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Creature of a Day, Part 4

Theme: Made for Eternity

In this week’s lessons we see how David responds in the midst of trouble, which is by taking his cares to the Lord and trusting him to act.

Scripture: Psalm 39:1-13

When we do come to understand our own weakness and creatureliness in the context of our suffering, we tend to ask these kinds of questions: “What does God want with me?" “Why does he care what I do? Nothing I do can possibly affect him or hurt him. I don’t have anything to contribute to him.” “Why doesn't God just forget about me and leave me alone."

Think and Act Biblically from James Boice is a devotional of the Alliance of Confessing Evangelicals. It is supported only by its readers and gracious Christians like you. Please prayerfully consider supporting Think and Act Biblically and the mission of the Alliance.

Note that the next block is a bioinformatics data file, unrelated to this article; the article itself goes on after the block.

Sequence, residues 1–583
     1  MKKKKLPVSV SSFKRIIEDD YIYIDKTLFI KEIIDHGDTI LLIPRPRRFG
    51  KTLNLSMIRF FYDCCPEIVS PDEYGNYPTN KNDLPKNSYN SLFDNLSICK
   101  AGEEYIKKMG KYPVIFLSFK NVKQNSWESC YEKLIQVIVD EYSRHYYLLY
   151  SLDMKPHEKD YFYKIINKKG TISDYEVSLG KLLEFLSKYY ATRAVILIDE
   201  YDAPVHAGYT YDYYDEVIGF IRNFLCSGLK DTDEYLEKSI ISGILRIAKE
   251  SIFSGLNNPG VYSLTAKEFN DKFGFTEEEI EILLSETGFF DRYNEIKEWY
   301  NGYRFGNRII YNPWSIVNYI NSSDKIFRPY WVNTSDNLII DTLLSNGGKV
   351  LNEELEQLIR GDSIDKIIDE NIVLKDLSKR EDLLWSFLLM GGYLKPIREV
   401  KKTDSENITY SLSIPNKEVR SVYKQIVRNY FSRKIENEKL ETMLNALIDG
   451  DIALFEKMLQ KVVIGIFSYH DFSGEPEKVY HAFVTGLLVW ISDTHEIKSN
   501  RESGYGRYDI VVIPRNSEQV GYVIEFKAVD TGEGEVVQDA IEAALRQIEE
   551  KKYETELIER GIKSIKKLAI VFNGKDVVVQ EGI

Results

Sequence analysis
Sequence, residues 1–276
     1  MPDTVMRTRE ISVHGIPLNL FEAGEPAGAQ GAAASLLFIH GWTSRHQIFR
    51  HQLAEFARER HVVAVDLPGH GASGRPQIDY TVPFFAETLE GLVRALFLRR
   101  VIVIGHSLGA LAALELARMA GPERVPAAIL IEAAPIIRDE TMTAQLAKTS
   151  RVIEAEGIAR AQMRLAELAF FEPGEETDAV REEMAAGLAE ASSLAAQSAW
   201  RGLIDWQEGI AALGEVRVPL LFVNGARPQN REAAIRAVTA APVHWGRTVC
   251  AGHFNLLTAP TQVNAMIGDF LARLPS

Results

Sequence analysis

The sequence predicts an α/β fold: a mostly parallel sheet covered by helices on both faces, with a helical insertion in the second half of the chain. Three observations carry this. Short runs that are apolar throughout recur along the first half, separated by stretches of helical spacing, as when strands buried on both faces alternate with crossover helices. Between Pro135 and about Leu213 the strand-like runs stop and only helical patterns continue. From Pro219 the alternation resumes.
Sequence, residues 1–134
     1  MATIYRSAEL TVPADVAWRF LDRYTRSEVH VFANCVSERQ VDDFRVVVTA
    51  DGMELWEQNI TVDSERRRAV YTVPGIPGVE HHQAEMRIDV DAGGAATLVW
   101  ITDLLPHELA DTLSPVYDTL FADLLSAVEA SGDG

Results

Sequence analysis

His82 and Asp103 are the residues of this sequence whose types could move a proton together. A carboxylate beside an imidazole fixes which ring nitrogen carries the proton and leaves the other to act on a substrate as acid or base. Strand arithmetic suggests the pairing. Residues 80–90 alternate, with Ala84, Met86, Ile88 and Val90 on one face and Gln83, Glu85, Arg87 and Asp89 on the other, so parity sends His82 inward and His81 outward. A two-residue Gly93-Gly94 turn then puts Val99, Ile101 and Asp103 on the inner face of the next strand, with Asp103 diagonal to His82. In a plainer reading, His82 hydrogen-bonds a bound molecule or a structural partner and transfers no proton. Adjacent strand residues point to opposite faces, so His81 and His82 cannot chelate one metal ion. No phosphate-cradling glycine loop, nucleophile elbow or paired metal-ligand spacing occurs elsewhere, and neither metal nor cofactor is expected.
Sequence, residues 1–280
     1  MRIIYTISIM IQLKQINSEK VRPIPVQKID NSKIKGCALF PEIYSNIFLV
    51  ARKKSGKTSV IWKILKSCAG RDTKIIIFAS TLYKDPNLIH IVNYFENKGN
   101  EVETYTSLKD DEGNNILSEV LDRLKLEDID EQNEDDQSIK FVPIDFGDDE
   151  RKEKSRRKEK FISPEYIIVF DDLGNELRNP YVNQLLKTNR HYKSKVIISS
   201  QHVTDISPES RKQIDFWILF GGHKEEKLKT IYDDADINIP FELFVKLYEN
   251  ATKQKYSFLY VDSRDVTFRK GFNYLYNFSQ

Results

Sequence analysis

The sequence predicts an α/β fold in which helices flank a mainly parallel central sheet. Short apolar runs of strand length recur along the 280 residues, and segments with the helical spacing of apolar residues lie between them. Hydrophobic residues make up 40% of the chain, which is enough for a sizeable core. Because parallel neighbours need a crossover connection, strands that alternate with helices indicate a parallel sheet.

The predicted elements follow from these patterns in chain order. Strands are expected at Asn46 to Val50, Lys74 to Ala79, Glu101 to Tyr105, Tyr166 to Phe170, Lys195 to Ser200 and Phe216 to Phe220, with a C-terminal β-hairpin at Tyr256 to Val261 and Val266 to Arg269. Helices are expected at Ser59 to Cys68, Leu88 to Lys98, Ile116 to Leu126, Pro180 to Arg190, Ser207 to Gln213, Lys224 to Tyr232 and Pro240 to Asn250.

Creature of a Day, Part 3

Theme: When Suffering Comes

In this week’s lessons we see how David responds in the midst of trouble, which is by taking his cares to the Lord and trusting him to act.

Scripture: Psalm 39:1-13

This is the meaning of verse 4. Verse 4 does not mean: "I am weary of this suffering; tell me when I am going to die so this will end" or "Life is too short for all I have been given to do; this is unfair." Instead, it means, as J. J. Stewart Perowne expressed it, "Make me rightly to know and estimate the shortness and uncertainty of human life, that so, instead of suffering myself to be perplexed with all that I see around me, I may cast myself the more entirely upon thee."3 This is exactly what David does in the verse immediately following this stanza, that is, in verse 7.

Think and Act Biblically from James Boice is a devotional of the Alliance of Confessing Evangelicals. It is supported only by its readers and gracious Christians like you. Please prayerfully consider supporting Think and Act Biblically and the mission of the Alliance.